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|"Are you a wizard or not?"
The title of this article is conjectural. Although it is based on canonical information, the actual name is conjecture and may be supplanted at any time by additional information released from canonical sources. If this occurs, please move this page to the appropriate title.
- "There was once a kindly old wizard who used his magic generously and wisely for the benefit of his neighbours."
- —Description of the wizard's father[src]
The wizard's father was the father of the young wizard who despised Muggles in The Wizard and the Hopping Pot. The father used all his magic to help his Muggle neighbours' illnesses and woes. He died at a goodly age, leaving all his belongings to his only son, who had none of the qualities his father had. One of the belongings he left to his son was his lucky cooking pot, which he enchanted in the hope that it would give him a lesson by experiencing the troubles of the Muggles' misery. The pot made the son's conscience awaken, and the young wizard agreed to use his magic to help his Muggle neighbours as his father had done before him.
The Lucky Cooking Pot
The father used his pot to brew potions and antidotes for the local Muggles when they needed his help. He brewed a potion to help an old woman's granddaughter's warts and he bade a young woman to come if she had any trouble with her baby. However, generous as he was, he was wise enough to know not to reveal the source of his magic to his neighbours and instead he pretended that all his potions, charms, and antidotes sprang ready-made from the little cauldron he called his "lucky cooking pot".
On his death, the wizard leaves all his belongings to his only son, who has none of the qualities or virtues his father had, one of the things mentioned to be included was the hopping pot that the wizard gave to him in hope that it would give him a lesson by giving him an experience of the Muggles' misery. After his father's death, the son finds the pot and a single slipper inside it, together with a note from his father that reads, "In the fond hope, my son, that you will never need this." Bitter for having nothing left but a pot, the son resolved to henceforth use the pot as a rubbish pail and decides to close the door on every person who asks for his help.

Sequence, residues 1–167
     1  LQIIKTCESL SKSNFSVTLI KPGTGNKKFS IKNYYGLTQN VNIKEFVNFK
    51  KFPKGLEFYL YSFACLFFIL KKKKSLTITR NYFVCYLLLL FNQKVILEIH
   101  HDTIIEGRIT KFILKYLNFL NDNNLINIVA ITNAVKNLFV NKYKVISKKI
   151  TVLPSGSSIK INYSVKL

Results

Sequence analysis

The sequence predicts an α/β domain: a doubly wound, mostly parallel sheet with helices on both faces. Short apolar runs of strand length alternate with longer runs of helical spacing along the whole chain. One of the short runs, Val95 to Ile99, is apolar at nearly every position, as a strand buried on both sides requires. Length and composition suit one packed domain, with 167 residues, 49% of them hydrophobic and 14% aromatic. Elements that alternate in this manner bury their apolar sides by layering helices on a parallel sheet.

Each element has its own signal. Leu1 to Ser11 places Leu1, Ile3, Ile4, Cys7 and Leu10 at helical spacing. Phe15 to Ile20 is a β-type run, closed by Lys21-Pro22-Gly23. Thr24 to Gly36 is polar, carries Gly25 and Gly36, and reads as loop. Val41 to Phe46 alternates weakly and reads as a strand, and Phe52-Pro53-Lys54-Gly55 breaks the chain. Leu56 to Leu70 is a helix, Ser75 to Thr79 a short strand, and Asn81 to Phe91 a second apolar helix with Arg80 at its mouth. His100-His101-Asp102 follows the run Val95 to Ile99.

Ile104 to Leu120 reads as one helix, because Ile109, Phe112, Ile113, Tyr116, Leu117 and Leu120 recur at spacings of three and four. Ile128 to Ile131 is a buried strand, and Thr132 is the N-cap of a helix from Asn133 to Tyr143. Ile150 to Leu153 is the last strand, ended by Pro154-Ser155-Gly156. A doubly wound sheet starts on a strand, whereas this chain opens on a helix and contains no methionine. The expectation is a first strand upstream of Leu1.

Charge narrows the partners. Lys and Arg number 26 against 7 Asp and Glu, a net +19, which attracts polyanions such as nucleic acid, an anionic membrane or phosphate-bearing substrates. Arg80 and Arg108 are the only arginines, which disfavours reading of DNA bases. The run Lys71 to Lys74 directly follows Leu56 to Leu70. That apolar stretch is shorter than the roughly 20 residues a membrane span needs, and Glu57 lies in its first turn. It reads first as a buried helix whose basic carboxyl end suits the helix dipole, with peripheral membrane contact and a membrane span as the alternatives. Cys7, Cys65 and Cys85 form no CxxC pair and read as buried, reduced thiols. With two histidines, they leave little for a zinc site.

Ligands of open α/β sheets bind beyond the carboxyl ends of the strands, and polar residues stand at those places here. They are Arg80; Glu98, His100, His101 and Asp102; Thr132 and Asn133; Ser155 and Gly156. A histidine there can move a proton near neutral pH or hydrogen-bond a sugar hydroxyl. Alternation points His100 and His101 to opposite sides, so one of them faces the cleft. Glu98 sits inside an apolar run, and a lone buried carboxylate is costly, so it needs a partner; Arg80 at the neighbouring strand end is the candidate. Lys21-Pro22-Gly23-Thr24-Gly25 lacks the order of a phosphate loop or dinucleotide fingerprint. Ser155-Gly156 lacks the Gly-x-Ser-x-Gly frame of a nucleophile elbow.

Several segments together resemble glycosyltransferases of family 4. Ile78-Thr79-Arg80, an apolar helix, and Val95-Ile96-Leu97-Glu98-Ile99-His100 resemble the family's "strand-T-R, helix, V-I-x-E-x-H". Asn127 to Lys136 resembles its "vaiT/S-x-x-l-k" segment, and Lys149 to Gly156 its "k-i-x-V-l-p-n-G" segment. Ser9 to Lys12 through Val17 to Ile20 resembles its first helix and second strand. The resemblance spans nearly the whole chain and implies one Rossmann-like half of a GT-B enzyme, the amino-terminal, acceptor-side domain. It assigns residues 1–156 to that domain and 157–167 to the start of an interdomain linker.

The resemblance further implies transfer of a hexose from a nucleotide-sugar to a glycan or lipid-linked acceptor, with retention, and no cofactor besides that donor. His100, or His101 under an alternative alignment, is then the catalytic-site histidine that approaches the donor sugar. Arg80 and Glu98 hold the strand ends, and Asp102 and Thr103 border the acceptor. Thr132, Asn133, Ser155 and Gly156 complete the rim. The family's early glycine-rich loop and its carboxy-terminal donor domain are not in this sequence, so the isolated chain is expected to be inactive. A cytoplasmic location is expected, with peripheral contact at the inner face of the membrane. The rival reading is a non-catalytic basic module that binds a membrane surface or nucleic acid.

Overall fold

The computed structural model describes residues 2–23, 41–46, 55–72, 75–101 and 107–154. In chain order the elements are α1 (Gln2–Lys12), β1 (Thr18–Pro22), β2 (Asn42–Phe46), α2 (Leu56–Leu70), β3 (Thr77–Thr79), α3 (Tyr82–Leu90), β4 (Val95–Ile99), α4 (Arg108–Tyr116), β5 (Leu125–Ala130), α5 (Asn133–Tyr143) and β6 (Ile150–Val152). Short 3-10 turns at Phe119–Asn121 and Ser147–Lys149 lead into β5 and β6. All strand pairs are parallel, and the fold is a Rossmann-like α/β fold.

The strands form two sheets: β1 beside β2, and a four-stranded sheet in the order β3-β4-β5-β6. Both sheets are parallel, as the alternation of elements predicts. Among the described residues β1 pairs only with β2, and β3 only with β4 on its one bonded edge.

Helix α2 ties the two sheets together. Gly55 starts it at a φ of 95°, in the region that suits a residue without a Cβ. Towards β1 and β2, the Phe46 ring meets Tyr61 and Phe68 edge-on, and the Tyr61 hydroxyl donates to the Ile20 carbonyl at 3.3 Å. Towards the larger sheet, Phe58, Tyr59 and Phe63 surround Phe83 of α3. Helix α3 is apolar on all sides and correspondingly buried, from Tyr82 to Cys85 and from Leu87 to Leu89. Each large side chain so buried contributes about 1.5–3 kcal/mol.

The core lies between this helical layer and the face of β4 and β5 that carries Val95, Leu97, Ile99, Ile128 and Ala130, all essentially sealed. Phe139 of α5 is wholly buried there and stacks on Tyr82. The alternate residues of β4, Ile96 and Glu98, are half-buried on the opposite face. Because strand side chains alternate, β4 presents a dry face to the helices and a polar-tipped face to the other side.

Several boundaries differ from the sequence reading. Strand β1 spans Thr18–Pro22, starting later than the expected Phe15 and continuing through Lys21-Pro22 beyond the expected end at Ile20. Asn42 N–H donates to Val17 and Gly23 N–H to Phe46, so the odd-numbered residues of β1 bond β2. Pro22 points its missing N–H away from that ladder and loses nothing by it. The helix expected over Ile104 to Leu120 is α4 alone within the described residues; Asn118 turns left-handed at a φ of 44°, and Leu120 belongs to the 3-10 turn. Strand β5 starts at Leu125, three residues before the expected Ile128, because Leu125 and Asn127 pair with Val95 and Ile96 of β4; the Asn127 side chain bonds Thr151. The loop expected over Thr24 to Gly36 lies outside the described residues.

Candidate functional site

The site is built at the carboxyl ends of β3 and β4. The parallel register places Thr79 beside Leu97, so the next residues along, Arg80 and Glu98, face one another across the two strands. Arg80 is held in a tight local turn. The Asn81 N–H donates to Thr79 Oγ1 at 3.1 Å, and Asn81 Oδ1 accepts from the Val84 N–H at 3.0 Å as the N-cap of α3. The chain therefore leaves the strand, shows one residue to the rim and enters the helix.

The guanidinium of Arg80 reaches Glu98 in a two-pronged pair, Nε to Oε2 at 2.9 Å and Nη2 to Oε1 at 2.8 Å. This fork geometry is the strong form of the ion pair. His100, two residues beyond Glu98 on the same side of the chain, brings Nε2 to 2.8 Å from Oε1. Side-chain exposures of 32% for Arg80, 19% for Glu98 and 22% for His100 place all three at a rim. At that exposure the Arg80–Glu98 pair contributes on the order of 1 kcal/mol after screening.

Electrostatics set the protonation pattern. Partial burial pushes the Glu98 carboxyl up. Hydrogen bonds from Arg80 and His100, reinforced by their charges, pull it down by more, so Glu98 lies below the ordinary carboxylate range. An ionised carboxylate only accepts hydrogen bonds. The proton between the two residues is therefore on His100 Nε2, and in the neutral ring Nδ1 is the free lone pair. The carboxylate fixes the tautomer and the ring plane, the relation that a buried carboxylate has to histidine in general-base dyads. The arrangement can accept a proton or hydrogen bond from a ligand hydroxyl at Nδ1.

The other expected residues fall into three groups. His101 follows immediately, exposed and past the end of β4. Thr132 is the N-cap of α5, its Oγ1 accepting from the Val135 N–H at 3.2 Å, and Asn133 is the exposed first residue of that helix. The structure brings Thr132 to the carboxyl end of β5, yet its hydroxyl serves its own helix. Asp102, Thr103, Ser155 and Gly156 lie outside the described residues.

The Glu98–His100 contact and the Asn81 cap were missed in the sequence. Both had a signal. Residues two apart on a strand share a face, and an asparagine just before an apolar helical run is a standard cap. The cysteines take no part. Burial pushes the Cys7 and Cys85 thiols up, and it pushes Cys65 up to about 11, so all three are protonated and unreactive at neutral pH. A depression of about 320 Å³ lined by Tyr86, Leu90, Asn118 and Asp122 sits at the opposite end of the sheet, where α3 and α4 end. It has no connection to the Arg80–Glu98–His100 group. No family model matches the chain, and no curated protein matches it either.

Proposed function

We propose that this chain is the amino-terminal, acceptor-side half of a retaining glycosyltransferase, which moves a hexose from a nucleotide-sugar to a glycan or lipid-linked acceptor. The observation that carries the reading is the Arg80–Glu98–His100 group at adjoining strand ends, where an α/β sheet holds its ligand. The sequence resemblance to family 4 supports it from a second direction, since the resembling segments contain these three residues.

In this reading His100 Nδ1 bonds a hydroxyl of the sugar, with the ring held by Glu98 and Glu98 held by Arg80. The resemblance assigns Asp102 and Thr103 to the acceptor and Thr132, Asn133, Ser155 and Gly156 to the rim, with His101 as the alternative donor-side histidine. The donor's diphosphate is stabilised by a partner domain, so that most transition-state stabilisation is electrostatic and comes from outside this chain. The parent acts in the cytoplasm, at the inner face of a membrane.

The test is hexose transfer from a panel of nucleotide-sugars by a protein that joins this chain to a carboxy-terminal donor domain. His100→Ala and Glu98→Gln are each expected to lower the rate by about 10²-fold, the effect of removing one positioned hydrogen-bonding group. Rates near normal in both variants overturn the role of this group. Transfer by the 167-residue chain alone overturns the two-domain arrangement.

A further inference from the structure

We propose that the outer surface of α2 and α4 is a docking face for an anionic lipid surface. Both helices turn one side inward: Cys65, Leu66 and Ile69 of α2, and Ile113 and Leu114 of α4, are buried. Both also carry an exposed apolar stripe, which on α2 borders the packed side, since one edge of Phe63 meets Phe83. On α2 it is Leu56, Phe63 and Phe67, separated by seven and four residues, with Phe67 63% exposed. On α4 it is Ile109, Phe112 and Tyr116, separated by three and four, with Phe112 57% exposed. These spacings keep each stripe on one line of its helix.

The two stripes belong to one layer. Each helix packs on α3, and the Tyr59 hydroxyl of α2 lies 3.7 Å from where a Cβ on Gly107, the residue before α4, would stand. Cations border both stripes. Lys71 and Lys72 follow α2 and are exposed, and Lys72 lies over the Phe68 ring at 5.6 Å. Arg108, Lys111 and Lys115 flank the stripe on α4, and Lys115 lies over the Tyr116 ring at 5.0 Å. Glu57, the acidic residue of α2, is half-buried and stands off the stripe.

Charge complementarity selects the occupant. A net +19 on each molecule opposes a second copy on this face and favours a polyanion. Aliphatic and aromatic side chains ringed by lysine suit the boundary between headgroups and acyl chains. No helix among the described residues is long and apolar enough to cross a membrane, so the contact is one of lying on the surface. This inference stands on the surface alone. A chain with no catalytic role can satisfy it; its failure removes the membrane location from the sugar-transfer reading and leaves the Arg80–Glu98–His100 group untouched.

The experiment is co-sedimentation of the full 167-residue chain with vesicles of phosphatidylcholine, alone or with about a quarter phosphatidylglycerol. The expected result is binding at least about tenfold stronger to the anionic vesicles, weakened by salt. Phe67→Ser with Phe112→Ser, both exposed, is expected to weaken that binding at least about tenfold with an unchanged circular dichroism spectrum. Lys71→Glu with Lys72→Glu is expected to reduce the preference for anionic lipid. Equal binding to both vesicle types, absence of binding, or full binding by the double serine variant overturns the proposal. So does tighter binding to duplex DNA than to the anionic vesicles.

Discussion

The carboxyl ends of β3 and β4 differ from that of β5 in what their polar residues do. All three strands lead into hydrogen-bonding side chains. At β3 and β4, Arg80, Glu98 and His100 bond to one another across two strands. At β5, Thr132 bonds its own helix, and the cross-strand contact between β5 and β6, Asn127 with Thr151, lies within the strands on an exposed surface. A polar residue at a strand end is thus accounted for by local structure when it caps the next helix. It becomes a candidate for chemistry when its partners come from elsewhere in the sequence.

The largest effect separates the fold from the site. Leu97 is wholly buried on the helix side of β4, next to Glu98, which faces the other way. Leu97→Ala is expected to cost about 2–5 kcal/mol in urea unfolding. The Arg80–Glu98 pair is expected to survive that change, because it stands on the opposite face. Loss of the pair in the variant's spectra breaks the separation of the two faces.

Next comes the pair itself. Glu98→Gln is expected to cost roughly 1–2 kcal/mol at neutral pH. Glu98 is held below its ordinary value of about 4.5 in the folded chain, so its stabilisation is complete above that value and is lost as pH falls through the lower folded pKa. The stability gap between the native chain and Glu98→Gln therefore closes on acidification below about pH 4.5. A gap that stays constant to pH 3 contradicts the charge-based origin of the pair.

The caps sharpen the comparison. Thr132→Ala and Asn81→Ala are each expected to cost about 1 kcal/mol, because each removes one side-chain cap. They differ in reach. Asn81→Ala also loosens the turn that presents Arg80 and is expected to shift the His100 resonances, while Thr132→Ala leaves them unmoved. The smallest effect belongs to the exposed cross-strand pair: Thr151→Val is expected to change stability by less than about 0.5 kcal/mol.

The kind old wizard decided to teach his son a lesson by giving him a taste of the Muggles' misery by enchanting his "hopping pot" to, if the son refused to help his Muggle neighbours' troubles, to remind him of their sicknesses. His son's conscience awoke and he agreed to use his magic to help his Muggle neighbours.
Personality and traits
- "Your father used to mix a special poultice in that old cooking pot-"
- —The old wizard's generousity[src]
The wizard is described as a kind and generous man. He seems to have pro-Muggle leanings as he did all he could to help his Muggle neighbours. He shared this trait with Beedle the Bard. He is also described as a wise man. However his anti-Muggle son, often quarreled with his father's habit of helping their neighbours, but eventually the wizard finally decided to help them.
Magical Abilities and skills
- Healing magic: The wizard has some power in healing as he was able to cure all his neighbours' illnesses with magical aid.
- Potioneer: The wizard is an acceptable potioneer as he was able to brew potions to cure his neighbours' illnesses.
- Spell master: The wizard has also the power to enchant magical objects as he did with his little cauldron.
- "In the fond hope, my son, that you will never need it."
- —The old wizard's note that was left in the Hopping Pot[src]
He had a difficult relationship with his son as they had two different views of how things are. The son thought that those who could not do magic were worthless, a thought shared by wizard fanatics some years later when Muggle persecution of wizards and witches began.
When his father only left him an old cooking pot and a slipper, he cursed his father's age-softened mind as he had expected gold. However, after he was given the taste of the Muggles' misery, his conscience awoke and he agreed to use his magic to help his Muggle neighbours as his father did before him.
The wizard enjoyed helping his Muggle neighbours with their dreadful woes. However, he did not confide them with the source of all his magic and instead told the that all his potions, charms, and antidotes sprang ready-made from a little cauldron.
Two of the known Muggles that the father helped were a peasant whom he gave her a "special poultice" for her granddaughter's warts and he bade a young woman that if she had run into any trouble with her baby, he would be glad to help.
- The Tales of Beedle the Bard (real) (First appearance)
Notes and references